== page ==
Our anonymized questionnaire survey demonstrated that most HCWs in our hospital advocated for the development of criteria for in-hospital release from isolation. However, three-fourths of the HCWs practically faced no troubles due to the absence of criteria, and over half of them registered discomfort on seeing recently quarantined COVID-19 patients under general management even after meeting the criteria. These could be the main reasons underlying the failure to gain an understanding of the initial criteria launched in mid-January 2021 in our hospital. The tendency not to express individual opinions in public may be a peculiarity among Japanese people, which makes it difficult for us to be aware of their real impressions and considerations. In particular, this could be the case regarding COVID-19, an emerging infectious disease, whose actual entity and infectivity are not yet fully uncovered.
Our first proposal regarding the criteria for in-hospital release from isolation, which was gleaned from the United States and European CDCs [3, 4], was based on evidence of the disappearance of replication-competent viruses within a certain period [5, 6]. However, this criterion was not adhered to by HCWs managing COVID-19 patients due to concerns regarding potential infectivity and safety. Despite the scientific evidence-based recommendations, there was a latent, difficult-to-verbalize fear of the unprecedented virus among the HCWs regarding the risk of infection. This was undoubtedly a solid barrier to their ready acceptance of the criteria. Another month ensued before the discussion matured, and we were eventually able to enforce the criteria on March 1, 2021. Before that, patients, especially those under critical care, were isolated for prolonged periods of time; in such cases, we continued with full precautions and complete isolation even up to over 60 days after disease onset.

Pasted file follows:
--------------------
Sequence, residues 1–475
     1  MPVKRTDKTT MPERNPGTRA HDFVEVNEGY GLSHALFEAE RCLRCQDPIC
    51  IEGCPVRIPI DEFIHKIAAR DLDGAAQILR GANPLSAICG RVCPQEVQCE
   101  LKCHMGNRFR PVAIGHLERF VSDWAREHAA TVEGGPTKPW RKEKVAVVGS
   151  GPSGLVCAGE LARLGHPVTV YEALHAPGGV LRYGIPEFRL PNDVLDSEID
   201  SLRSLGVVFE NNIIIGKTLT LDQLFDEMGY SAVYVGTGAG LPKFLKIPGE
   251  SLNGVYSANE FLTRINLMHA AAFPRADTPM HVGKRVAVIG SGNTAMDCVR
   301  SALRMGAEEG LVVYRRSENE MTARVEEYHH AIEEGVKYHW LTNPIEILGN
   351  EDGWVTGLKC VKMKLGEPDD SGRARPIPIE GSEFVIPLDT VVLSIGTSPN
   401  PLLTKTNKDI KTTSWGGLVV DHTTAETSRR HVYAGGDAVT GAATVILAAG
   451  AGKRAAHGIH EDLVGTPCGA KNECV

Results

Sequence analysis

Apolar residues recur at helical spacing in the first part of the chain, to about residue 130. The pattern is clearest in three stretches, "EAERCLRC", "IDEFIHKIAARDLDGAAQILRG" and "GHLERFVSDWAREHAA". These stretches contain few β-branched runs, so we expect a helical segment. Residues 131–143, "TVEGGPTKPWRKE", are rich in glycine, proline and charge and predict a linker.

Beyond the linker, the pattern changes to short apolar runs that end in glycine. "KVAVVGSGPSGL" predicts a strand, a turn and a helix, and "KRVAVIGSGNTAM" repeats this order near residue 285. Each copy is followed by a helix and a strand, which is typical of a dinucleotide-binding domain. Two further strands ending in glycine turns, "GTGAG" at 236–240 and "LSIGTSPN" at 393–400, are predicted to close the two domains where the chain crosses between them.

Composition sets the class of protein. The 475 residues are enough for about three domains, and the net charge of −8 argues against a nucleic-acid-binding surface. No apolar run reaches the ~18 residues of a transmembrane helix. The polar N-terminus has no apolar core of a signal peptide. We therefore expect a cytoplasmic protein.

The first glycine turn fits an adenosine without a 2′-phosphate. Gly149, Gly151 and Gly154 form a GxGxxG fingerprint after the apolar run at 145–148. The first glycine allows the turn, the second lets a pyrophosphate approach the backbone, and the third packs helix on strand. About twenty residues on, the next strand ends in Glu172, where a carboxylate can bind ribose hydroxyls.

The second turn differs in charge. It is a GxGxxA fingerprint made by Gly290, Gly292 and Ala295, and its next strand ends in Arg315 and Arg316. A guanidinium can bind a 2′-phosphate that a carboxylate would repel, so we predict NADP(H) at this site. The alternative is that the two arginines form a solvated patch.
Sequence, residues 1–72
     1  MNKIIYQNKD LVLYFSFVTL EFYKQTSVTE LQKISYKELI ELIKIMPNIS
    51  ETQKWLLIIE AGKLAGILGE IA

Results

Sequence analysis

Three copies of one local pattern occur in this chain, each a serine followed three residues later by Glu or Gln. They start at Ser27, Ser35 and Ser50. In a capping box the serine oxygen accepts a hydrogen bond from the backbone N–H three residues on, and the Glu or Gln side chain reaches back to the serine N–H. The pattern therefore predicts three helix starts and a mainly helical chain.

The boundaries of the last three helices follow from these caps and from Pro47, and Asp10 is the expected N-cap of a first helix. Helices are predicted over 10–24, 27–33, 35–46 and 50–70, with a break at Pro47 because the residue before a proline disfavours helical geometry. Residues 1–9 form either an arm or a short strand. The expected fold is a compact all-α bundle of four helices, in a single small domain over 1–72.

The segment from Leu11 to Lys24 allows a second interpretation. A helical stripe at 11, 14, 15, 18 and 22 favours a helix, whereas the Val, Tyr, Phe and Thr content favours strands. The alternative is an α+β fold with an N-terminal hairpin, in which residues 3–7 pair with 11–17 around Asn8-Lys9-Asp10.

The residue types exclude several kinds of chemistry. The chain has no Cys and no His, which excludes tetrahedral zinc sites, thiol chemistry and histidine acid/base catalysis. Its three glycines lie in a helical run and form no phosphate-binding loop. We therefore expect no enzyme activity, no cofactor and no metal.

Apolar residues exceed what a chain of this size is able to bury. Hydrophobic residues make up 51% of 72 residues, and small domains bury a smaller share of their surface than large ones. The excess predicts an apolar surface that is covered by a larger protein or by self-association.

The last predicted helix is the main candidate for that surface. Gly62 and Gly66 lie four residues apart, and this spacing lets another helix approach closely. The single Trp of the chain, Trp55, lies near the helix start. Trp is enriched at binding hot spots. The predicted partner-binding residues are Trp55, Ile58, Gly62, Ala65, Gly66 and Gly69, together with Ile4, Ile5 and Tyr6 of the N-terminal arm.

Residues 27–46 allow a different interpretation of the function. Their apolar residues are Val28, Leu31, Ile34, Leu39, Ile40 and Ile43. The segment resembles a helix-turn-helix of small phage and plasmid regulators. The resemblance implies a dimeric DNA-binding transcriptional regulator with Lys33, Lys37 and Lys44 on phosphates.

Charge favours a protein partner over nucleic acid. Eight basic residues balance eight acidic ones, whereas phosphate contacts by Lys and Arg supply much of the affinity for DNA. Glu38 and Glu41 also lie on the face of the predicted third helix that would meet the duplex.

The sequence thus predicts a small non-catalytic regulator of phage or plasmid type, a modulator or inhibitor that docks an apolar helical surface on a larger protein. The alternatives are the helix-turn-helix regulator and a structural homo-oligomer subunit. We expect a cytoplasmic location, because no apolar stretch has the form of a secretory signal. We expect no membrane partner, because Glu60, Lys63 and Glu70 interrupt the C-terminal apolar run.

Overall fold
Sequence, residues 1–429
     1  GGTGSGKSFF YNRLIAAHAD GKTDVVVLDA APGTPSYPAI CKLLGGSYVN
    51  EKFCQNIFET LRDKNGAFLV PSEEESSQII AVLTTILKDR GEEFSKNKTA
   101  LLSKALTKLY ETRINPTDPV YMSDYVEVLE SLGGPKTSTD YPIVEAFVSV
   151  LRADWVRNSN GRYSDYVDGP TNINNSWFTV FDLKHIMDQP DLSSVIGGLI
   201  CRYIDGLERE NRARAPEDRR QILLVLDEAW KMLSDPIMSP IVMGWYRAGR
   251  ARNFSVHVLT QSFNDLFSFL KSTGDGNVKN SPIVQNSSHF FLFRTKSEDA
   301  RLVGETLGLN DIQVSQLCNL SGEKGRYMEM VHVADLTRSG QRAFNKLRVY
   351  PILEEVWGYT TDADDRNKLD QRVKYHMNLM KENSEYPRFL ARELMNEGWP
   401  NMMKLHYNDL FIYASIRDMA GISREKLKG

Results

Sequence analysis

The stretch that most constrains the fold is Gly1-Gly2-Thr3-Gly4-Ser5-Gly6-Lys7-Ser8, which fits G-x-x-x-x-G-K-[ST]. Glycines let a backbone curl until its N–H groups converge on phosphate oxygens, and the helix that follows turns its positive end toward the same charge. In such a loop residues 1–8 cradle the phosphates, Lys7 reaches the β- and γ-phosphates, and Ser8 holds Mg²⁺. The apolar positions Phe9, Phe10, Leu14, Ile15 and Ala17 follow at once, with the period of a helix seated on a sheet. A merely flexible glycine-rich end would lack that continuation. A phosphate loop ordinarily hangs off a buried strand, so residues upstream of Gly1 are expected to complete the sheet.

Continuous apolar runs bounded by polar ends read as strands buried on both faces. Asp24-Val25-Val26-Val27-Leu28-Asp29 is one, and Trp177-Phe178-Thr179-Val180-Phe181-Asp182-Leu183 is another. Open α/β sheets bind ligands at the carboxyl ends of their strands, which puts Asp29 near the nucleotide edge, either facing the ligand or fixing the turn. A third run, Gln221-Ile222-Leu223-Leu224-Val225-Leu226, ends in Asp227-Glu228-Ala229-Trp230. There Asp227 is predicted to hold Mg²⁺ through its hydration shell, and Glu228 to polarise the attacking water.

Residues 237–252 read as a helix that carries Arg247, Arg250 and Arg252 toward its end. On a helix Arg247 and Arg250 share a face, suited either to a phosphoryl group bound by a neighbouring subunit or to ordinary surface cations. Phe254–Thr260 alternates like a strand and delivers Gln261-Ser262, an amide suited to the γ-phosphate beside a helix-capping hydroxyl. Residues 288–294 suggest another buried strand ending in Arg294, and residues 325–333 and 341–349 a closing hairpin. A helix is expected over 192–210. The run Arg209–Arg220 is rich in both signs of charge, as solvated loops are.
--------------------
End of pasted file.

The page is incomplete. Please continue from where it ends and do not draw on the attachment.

There are many negative implications emanating from the absence of criteria for in-hospital release from isolation for the management of emerging infectious diseases. First, it imposes a practical burden on HCWs. The physical and emotional stress of providing medical care in a contaminated area (the so-called “red zone”), even while wearing personal protective equipment (PPE), is considerable. Second, a shortage of PPE is also a major concern. The longer the isolation period, the more the PPE needed. The wastage or overuse of PPE should be avoided to the greatest extent possible, especially in the midst of a prolonged epidemic. Third, the required consultation or rehabilitation are greatly limited in the absence of the criteria, resulting in adverse effects, such as a delay or failure in properly diagnosing other conditions at the right moment as well as prolonged recovery time before discharge and reintegration into society. In light of these observations, the enforcement of reasonable criteria with a high compliance rate is imperative, for which sufficient time for consideration, repeated discussion, and small group meetings would be required.
Emerging infectious diseases will surely appear in the future. In particular, in this age of globalization as a consequence of developed transportation systems, it is plausible to anticipate an even higher infection risk than before, as evidenced by history. The nature of the next pandemic to strike the world is unknown; however, as medical professionals, we need to make courageous, generally acceptable, field-oriented, and sustainable decisions based on data available at each moment, while having a balanced view of gradually emerging evidence and various opinions from multidisciplinary medical personnel. Our current knowledge base, established through our experience with the COVID-19 pandemic, is potentially beneficial in the event of another menace due to a newly emerging infectious disease.